by Greenpeace and Ann Garrison
But at least we know where a lot of coltan and cassiterite go, in the end. They go to Ghana and other parts of Africa as toxic electronic waste, often disguised as charity: European and North American “contributions” of worn-out, broken, no longer fashionable tech garbage.
This demonstrates how homicidally Europeans still behave in Africa, including even many from nations like the Netherlands, which seems relatively benign, when compared to the U.S., which continues to expand Africom, the U.S. Africa Command, a chain of U.S. military bases commanded by U.S. Army Gen. William “Kip” Ward, in Africa.
The Netherlands joined Sweden in ending foreign aid to Rwandan President Paul Kagame’s regime, because of human rights violations and war crimes in both Rwanda and neighboring D.R. Congo. The Netherlands is, nevertheless, on Greenpeace’s list of European nations shipping and dumping toxic e-waste “charity” in Ghana.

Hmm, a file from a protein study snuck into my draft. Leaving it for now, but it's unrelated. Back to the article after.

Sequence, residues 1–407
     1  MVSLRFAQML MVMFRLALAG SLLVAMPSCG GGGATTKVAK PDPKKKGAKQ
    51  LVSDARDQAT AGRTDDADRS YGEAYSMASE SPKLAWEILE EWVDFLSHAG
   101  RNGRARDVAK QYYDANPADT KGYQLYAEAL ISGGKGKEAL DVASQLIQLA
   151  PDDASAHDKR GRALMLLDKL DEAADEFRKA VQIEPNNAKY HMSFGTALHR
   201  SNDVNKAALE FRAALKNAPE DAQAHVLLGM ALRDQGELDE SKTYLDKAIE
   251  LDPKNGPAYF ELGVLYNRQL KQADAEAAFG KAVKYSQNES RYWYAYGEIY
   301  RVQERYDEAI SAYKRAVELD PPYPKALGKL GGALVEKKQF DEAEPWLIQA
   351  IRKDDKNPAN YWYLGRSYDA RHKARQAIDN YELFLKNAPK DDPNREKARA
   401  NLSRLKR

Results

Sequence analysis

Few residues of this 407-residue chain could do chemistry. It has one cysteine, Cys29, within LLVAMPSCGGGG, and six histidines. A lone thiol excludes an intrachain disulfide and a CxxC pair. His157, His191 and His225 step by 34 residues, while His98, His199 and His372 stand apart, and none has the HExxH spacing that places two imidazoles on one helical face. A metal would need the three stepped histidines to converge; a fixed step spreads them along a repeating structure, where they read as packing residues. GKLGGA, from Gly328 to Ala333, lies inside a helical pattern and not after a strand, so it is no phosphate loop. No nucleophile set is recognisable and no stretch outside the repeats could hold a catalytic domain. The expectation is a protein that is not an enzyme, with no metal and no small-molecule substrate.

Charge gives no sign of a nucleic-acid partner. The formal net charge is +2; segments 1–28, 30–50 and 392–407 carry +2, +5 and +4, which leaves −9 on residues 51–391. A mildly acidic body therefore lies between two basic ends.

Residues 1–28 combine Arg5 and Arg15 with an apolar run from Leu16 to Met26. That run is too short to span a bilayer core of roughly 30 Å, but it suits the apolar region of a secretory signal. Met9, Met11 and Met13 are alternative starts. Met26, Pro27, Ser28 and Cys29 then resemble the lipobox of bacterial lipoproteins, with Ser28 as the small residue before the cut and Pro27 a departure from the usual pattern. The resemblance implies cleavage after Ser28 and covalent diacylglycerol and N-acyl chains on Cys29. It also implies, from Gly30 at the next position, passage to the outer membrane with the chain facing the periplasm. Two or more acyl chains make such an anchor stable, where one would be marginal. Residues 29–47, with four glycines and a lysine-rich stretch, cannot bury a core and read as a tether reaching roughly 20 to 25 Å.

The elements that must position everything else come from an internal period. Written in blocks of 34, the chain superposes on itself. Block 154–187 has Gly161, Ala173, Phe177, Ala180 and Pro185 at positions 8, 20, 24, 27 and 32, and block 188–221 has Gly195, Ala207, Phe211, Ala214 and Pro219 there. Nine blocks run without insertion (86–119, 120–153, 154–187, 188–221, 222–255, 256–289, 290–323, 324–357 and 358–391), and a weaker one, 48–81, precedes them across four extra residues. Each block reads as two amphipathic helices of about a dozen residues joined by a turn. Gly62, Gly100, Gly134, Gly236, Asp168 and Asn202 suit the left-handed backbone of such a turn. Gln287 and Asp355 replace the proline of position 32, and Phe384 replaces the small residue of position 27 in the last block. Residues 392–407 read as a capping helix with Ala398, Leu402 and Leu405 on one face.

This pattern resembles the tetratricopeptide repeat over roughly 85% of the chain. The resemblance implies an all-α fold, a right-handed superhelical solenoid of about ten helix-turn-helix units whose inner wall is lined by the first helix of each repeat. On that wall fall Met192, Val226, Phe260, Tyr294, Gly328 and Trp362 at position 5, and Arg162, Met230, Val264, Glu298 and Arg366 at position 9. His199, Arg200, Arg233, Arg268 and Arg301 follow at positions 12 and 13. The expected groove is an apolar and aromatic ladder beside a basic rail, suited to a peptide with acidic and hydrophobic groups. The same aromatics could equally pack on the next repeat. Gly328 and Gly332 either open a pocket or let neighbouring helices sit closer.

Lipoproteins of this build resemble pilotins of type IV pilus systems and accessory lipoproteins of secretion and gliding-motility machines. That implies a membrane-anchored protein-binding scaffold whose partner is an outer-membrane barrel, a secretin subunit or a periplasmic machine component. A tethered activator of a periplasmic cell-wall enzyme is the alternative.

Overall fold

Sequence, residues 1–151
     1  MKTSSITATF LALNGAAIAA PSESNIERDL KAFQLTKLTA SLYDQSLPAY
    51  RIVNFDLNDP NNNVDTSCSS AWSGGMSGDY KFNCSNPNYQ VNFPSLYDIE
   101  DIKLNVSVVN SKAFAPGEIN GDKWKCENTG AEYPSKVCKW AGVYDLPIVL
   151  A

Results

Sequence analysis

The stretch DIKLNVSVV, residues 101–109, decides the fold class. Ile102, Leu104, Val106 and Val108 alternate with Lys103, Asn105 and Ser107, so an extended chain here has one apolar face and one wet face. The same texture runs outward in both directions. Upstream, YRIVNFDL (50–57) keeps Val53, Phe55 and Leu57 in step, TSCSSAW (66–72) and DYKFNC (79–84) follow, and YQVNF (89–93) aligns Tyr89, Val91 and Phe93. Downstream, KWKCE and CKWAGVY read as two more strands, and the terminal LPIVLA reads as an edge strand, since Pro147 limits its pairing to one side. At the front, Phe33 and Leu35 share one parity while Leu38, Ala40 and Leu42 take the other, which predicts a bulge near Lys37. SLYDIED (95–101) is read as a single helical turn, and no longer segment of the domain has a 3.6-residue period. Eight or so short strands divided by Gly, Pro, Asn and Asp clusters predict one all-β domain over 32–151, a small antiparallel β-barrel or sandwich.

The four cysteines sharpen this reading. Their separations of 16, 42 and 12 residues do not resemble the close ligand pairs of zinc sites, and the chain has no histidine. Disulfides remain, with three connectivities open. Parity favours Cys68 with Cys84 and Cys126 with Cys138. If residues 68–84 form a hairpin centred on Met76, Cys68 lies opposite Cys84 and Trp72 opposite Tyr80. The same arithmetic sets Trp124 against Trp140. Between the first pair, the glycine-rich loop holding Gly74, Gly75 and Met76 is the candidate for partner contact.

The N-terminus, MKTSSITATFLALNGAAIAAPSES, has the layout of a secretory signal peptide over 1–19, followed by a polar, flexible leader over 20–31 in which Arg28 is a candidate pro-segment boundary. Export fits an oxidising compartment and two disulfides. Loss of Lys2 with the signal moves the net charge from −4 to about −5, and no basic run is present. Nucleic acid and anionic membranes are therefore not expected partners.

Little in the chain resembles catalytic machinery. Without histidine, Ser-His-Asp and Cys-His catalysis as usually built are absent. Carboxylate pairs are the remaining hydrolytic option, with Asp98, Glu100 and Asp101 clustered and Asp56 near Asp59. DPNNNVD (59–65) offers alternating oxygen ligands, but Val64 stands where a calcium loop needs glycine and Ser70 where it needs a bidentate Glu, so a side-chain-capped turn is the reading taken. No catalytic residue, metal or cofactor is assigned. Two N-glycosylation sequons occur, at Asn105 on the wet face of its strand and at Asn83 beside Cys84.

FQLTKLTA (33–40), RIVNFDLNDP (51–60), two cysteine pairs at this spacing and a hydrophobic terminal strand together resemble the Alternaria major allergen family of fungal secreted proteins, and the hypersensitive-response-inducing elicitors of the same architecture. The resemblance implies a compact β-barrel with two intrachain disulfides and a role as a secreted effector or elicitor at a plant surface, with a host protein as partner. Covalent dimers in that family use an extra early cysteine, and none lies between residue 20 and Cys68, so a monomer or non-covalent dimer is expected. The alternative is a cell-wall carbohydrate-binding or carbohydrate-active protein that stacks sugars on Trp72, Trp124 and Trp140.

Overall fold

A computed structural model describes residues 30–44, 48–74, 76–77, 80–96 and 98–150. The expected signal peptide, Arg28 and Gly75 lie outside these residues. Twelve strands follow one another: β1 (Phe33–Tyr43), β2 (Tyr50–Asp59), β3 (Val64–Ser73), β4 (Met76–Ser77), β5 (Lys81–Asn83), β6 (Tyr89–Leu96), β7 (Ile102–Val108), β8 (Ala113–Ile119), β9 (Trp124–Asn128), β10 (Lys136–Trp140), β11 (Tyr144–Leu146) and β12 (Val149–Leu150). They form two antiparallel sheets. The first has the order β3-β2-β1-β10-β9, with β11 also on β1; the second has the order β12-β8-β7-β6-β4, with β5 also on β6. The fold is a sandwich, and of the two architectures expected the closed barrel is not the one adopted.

Isn’t this an international crime more serious than Somali “piracy,” a response to nuclear waste dumping on one end of the Somali coast and to European trawlers fishing out Somali waters, which Somali fishing communities depended on, on Somali’s other coast?
Shouldn’t the same Netherlands politicians who canceled aid to Rwandan President Paul Kagame take the lead in stopping the shipment of toxic Euro e-waste to Ghana and elsewhere in Africa or any other African nation? And shouldn’t President Barack Obama either follow that lead or take it himself?
Ann Garrison is a Bay Area journalist and activist and the website writer-editor of thepriceofuranium.com. She can be reached at firstname.lastname@example.org. This story was first published by Colored Opinions.